Both for carpets and sofas pets are more exposed because they are nearer the chemicals and because they lick the chemicals off themselves and ingest them. The chemicals are in the dust flying around the home.

I feel quite strongly that sofas and carpets could be seriously harming some pets. We need a study urgently. What causes feline hyperesthesia? Maybe its chemicals in the home. We need to know and clarify.

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About Michael Broad

Michael is retired! He retired at age 57 and at Aug 2018 is approaching 70. He worked in many jobs. The last job he did was as a solicitor practicing general law. He loves animals and is passionate about animal welfare. He also loves photography and nature. He hates animal abuse. He has owned and managed this site since 2007. There are around 13k pages so please use the custom search facility!

Comments

What causes feline hyperesthesia? — 4 Comments

  1. The chemical aspect is chilling. We have very old wool carpets, all armchairs and sofas are covered in washable throws. I don’t doubt that, in ths home, we are all full to the brim with these toxic substances.

    Once had a female cat who developed the skin rolling symptom. It was not severe but was noticeable. There was no fur pulling.

    She was diagnosed with diabetes soon after…

    Unavoidably, noisy builders had been in the house for a few weeks prior to these issues and she had had a nasty bout of stress related UTI during that time. It was successfully treated, but it took persistent treatment.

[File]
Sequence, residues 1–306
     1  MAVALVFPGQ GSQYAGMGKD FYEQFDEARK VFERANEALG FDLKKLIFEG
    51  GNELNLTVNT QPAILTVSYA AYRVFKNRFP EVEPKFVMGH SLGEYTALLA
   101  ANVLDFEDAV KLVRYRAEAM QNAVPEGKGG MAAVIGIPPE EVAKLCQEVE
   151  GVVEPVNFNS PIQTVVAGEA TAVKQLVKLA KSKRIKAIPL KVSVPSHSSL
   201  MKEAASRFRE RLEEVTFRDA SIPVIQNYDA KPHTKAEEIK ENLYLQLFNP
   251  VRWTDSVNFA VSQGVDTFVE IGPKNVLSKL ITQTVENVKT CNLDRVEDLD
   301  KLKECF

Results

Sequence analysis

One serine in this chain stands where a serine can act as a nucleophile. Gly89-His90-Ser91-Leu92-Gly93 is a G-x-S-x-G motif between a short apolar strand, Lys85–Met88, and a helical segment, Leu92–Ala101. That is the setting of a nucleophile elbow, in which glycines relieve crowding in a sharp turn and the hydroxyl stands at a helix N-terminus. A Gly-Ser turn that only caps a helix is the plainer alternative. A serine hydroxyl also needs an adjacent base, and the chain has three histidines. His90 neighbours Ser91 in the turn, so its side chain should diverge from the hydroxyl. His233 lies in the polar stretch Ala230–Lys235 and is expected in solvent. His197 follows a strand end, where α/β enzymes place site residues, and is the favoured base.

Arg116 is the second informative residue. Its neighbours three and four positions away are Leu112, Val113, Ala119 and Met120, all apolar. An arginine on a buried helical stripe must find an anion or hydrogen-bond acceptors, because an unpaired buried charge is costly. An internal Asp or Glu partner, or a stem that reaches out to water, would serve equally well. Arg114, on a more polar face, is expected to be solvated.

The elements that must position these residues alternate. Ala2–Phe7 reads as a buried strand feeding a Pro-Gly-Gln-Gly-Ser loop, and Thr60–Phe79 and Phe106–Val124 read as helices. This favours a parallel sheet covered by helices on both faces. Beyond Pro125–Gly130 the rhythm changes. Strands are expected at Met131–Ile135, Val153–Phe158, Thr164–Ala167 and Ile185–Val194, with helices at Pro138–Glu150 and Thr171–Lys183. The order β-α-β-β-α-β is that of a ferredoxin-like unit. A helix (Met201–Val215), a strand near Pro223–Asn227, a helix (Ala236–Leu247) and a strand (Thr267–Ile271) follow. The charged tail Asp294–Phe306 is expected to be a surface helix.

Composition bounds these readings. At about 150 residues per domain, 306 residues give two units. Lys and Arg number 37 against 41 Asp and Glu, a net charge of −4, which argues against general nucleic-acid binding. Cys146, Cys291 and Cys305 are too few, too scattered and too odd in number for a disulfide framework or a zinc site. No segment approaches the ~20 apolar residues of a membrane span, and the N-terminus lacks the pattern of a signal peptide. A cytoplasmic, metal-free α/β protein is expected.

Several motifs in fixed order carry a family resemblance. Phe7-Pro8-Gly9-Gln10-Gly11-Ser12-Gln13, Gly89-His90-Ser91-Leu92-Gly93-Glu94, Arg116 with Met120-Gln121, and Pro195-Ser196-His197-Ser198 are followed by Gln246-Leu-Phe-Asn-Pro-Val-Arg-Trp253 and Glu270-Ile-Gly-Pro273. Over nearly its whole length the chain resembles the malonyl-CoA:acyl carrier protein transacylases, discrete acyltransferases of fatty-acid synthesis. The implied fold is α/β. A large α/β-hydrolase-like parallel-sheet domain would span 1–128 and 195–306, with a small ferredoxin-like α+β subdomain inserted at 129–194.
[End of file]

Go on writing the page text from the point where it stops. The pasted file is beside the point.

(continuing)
After this, she became constantly hungry, thirsty and dropped a lot of weight in less than ten days. She started walking with her hocks low down too

    The vet suggested that the skin rolling might have developed due to the onset of a slight diabetes related neuropathy, possibly in the bladder.

    On a low carb diet plus a course of glipizide, the diabetes resolved within a few months. She was on meloxicam for less than a month and the skin rolling stopped, pretty quickly.

    The overall verdict was that all 3 issues were caused by environmental stress. Maybe some of that stress was chemical in origin?

    The glipizide caused her to put on a lot of weight too.

    • Hey, thanks Jane for your useful input. I just had put my thoughts down on this one because almost no one discusses these damn chemicals which are so poisonous.

      • Most welcome Michael.

        It is beyond depressing when one thinks about the dreadful legacy left by the advancement of chemistry & the pursuit of profit.

        C-8 or GEN-X anyone? If I start typing about that, I will break the internet.

        Apropos of me never shutting up…

        Today it was reported that infant Eels in the River Thames show signs of hyper-agitation as they are full of cocaine. Yep, in the UK we do so much of the stuff that our pee is even messing up poor little Elvers 🙁

        There are just too many humans and our brains got too big, too quickly. Evolution has awful anomalies sometimes, but mostly those mistakes are self limiting, paws crossed.

  2. I’m glad I only have hardwoods and tiles. I have a few area rugs but know what they are made of thank the gods. This is a complex thing for sure. It seems everything in our air and around us is tainted in some way. Sigh…